Tag Archives: Fantastic Man

EHUD Spring/Summer 2011

Fantastic Man has always been a source of inspiration for me. Their daily recommendation is something I follow rather closely and Ehud Joseph, designer of EHUD was a recent find that made me stop and observe with wide-eyed appreciation. EHUD not only speaks to the carefree side of me, but the lilac, grey and blue palette is so muted that it can stand up to more adventurous design. A large hooded rain slicker/poncho a la ‘Riding Hood does not require future-friendly comic prints or foil overlay. It doesn’t need the flash and bang of an “avant-garde” designer, because its simplicity makes it wearable. Although adventurous for most men, it is still a stunner and I could see plenty of men opting for it come spring 2011.

Separates are usually the defining feature of a menswear collection. In short, the typical male consumer is practical. An ordinary man will likely never change his brand of underwear and that manner of thinking usually translates onto the runway when viewing more streamlined, simplistic design. The goal is to see a classic within the collection – something you may want reproduced over and over again. Seen above is a simple v-neck sweater with rib detailing over a slim pair of trousers. Perfect for what appears to be a game of croquet on a cobblestone road. Oh yes, this is something people do.

I was very impressed with the tweed suiting. Speckled in a faint blue and paired with a bright white, there is the illusion of something cosmic. This is a very on-trend option, given the abundance of prints, plaids and paisleys on menswear runways in Paris this season. Although the trend is certainly alive, it is much more subdued, which I actually prefer. The unassuming colour indicates that you can get a lot of wear. I am not sure how frequently you’d wear your oversized paisley suit. Prove me wrong.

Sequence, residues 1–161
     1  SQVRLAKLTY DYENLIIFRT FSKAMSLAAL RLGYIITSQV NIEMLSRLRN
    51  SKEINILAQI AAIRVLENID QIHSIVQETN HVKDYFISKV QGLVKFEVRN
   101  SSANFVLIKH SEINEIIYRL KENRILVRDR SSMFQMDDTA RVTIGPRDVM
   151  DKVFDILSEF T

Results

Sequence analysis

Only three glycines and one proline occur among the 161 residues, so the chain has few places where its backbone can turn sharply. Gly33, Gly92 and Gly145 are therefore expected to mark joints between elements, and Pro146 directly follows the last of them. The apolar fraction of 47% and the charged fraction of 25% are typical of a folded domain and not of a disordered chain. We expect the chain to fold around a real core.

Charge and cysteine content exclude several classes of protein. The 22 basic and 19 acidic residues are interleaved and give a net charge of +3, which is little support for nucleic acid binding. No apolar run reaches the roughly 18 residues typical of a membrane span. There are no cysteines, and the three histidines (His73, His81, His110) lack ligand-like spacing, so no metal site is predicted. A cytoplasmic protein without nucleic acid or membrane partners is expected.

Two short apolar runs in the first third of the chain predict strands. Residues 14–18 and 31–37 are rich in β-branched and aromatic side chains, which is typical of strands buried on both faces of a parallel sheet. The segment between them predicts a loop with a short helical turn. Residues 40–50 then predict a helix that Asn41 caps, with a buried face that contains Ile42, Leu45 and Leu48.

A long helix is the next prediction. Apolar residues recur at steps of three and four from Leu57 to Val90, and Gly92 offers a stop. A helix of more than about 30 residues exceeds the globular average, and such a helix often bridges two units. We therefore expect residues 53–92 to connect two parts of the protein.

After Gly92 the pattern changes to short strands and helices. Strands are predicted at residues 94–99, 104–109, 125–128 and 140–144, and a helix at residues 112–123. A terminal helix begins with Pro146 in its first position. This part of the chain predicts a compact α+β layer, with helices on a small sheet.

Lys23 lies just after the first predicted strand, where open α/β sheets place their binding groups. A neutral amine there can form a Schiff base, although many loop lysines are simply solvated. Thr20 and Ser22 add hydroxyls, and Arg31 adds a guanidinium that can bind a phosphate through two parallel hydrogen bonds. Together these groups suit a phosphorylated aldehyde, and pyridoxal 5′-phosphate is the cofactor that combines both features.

It wouldn’t be spring/summer without an above-the-knee shorts option. Sadly, these just remind me of a paper hospital gown. Not quite a skort, not quite a skirt, but certainly shorts that look rather ill-fitting.

EHUD’s portrayal of the modern man is certainly striking. Minor blips cannot take away from the well executed fabrication, perfect choice of colour and bolder shapes. Even when he is treading traditional/heritage silhouettes, the clothes seem to have new life to them. It must be the breath of a Central Saint Martins graduate – that’ll do it, 9 times out of 10.

See the remaining pictures of the collection below, including a quilted jacket with an apron that mimics a 90s shirt-wrap around the waist.

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YES x TFI present Fashionista’s Den

Youth Employment Services and Toronto’s Fashion Incubator teamed up to offer “Passion for Fashion” classes to Toronto’s youth and I was lucky enough to be one of them.

At 24, I just made the cut and I am glad I did, even though I was a bit reluctant. It seemed like a program that was catering to young fashion designers, not aspiring fashion journalists. I quickly learned that the lessons I would learn could easily translate to my own career aspirations.

Where to start?

The teachers (who would become our judges) were always eager to take my questions and I had a lot of them.

Richard Healey had the business background – it seemed like he could write a business plan in his sleep. I can assure you that I did not write mine with such grace. It took a lot of research, but I got it done.